A reader who joins the Amazon Prime program pays $79 a year and is limited to borrowing one book from the Prime library per month. I remember that when this program got started many people argued that the program would not benefit authors who sold their books at low prices. The reason being that for that $79 investment to make sense, a reader would have to borrow 12 books a year each costing (79/12) $6.58 just to break even. Therefore, it was argued, Amazon Prime members would only borrow the more expensive books.
This has proven to be false. Many authors selling books at prices lower than $6.58 have reported a substantial number of borrows for their books. So far Amazon has been paying $2.30 to $2.50 for each borrowed book. If you are an author selling your book for $2.99, Amazon gives you a 70% royalty, which means you earn about $2.00 per sale. But if your book is borrowed, you actually end up earning more ($2.30 to $2.50, instead of just $2.00). What is not clear is the situation with books that are priced even lower. Here is where I want to share my experience.
My book The Sun Zebra is priced at $1.99. Out of every sale I make Amazon gives me a 35% royalty, which means I earn $0.70 per book sold. If my book were to be borrowed that would be a great thing. For me to earn $2.5-$2.3 per borrow is equivalent to selling 3.6 to 3.3 copies! But who would use their allocated monthly borrow on my book that costs $1.99 when they are paying $6.58 a month to belong to the Amazon Prime Program? The answer is: many people. I did my last free promotion from April 11 to April 13 of this year. So far about 45% of the income I’ve earned from this promotion alone comes from borrowed books!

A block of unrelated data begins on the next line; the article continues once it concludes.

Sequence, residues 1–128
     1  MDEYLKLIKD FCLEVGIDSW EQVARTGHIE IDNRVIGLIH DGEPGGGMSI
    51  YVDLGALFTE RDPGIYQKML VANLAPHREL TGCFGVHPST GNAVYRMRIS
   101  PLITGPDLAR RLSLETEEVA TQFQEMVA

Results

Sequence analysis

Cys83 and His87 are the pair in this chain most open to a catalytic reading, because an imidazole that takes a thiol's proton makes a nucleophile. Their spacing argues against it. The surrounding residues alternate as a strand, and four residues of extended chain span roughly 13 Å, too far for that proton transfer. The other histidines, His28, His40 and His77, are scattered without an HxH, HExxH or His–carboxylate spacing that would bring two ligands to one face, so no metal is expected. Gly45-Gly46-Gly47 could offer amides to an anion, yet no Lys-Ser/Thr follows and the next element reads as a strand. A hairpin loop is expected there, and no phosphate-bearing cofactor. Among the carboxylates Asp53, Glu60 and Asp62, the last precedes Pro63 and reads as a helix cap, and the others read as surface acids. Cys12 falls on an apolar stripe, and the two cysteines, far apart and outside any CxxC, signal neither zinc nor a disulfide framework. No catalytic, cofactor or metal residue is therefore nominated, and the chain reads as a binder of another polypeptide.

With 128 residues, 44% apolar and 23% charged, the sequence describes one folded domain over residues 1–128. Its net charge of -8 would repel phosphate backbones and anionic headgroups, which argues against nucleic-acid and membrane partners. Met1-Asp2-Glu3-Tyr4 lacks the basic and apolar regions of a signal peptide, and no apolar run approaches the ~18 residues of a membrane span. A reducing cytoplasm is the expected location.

So why is this? I think that participants in the Prime program feel they are getting the return on their $79 investment from other things. If you belong to this program, among other perks you also get free two day shipping of Amazon Prime items you buy plus unlimited instant streaming of thousands of movies and TV shows that are available on Amazon (this is cheaper than Netflix which charges $8 per month). This is why I believe Amazon Prime participants have no qualms in using their monthly borrow on lower-priced books.
But what about books that are priced even lower? I have anecdotal evidence from other authors reporting that their books priced at $0.99 are being borrowed. This is huge as in terms of royalties each borrow yields an income equivalent to the sale of 6.6 to 7.2 books. Unfortunately I haven’t found any hard numbers regarding this matter. Ideally I would like to know what percentage of royalties do borrows account for at different price points. Do Amazon Prime participants indeed borrow more of the higher priced books, or does price not affect their borrowing rate?
Please leave a comment if you have any information about this or if you want to share your experience regarding borrows.